Storm in a pesto jar: Italian producers at odds with scientists over cancer scare

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The Independent Online

A bitter row has broken out in Italy over the alleged toxicity of one of the nation's favourite foods: pesto. The Genovese sauce prepared for centuries in Ligurian kitchens by grinding together fresh young basil leaves, garlic, pine nuts, parmesan cheese and olive oil contains a carcinogenic ingredient, a leading Italian scientist warns. And the tastier the pesto, the greater the danger.

A bitter row has broken out in Italy over the alleged toxicity of one of the nation's favourite foods: pesto. The Genovese sauce prepared for centuries in Ligurian kitchens by grinding together fresh young basil leaves, garlic, pine nuts, parmesan cheese and olive oil contains a carcinogenic ingredient, a leading Italian scientist warns. And the tastier the pesto, the greater the danger.

The problem ingredient is a carcinogenic agent called methyl-eugenol, which is found to be present in the leaves of young basil plants, up to 10 centimetres in height, from the best plantations in Liguria - the optimum basil for use in pesto doc (for "denomonazione origine controllata").

According to Professor Francesco Sala of the Umberto Veronesi Foundation, in a plate of spaghetti with pesto doc "there is a concentration of methyl-eugenol 600 times higher than the accepted safety limit. Which is not to say that it produces tumours, but that it increases the probability of having them". Using adult basil, Professor Sala goes on, the risk is eliminated. Why? "The methyl-eugenol protects the young plant from insects and bacteria. Then, as it grows, the molecule loses its methyl and becomes harmless." And also, the aficionados claim, far less appetising.

But with their full frontal assault on one of Italy's proudest food inventions, Professor Sala and his colleagues may have bitten off more than they can chew. The guardians of the pesto tradition were quick to condemn the new attack.

"We're on our own," ruminated Sergio and Riccardo Bertola, chefs of Genoa's Gran Gotto restaurant. "The big firms want to sell their 'pesto sauce' made with Kenyan basil and preservatives instead of sea salt. They dragged out this stuff [about pesto being carcinogenic] years ago, then they said it wasn't true ... Is it really necessary to beat up on pesto? Okay, we're not professors but we've been making pesto like this for centuries."

The region of Liguria recently won a battle over the definition of pesto, forcing Nestlé to withdraw a pesto sauce "à la Genovese" made with basil grown from German and Swiss seeds. At the same time Liguria and 13 other Italian regions two weeks ago declared themselves "GM-free zones".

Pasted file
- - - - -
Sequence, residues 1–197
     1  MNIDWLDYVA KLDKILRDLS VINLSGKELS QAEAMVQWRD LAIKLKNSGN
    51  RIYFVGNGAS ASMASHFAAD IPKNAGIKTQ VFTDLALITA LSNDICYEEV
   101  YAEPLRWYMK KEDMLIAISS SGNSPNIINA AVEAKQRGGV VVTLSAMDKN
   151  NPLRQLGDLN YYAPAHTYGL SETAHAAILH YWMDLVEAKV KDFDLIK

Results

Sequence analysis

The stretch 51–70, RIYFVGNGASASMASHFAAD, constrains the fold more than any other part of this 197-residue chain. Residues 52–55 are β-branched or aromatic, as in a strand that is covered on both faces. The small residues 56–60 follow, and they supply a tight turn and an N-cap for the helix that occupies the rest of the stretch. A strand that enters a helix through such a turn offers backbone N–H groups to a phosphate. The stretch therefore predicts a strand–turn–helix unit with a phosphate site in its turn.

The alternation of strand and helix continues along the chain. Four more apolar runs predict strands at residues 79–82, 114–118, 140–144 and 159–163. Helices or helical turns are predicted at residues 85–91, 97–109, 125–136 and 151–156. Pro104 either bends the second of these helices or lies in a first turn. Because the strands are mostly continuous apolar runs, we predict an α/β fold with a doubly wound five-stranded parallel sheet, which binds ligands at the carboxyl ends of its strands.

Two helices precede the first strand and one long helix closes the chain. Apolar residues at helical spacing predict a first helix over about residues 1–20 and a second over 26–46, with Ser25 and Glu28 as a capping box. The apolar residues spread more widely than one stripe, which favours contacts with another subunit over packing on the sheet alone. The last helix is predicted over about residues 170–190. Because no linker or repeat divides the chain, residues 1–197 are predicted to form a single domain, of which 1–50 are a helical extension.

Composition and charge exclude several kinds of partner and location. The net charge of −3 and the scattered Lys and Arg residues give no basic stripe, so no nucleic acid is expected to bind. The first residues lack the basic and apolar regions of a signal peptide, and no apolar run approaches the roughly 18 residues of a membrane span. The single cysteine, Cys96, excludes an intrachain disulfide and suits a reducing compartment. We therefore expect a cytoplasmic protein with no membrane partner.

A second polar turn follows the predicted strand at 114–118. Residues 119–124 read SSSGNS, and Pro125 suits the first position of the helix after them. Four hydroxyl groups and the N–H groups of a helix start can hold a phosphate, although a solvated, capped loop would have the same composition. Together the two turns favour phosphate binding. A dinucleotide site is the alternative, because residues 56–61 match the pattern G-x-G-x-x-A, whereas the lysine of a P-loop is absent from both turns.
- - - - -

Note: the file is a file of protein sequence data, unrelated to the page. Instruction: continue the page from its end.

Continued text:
This week's claims about pesto came as part of a last-minute offensive by pro-GM scientists to prevent a government ban on the growing of GM crops. The legislation, due last month, has been delayed by wrangles within the ruling centre-right coalition, but is expected to be presented to parliament next week.

The argument of the scientists is that while GM foods can be eaten with absolute confidence, given the amount of research that has been done on them, the "natural", "organic" foods vaunted by Italy's army of foodies may contain hidden hazards.

The attack on basil is not in fact new: it was in 1999 that researchers discovered by chance that the best pesto may also be the most hazardous.

The discovery was made at Genoa's Centre for Biotechnology, Professor Sala said. "The objective [of the research] was to explain why pesto doc is better than other types. The substance that was isolated, in fact, makes the difference in flavour." The original publication of the claim that Italy's best pesto might be bad for you sparked a furious controversy, after which, Professor Sala maintains, "everyone was told to shut up".

The reiteration of the charges this week came as the Umberto Veronesi Foundation published a pro-GM manifesto entitled Food Safety and GM Organisms, edited by 19 Italian scientific organisations claiming to represent 10,000 researchers. The manifesto aims to combat what Professor Veronesi, a former Italian health minister, calls "the absurd demonisation" of GM foods.

Hostility to GM foods, he said, "was initially considered an understandable caution in the face of something of little importance, but in the light of studies on populations that for years have been living on GM foods, the US above all, it has become an opposition that must be eliminated because it is dangerous for our country."

He went on: "I would like to eat GM maize all the time, I would feel safer doing so. In the USA I eat it with pleasure, while in Italy I don't have the freedom to choose what is much safer than the so-called organic variety."

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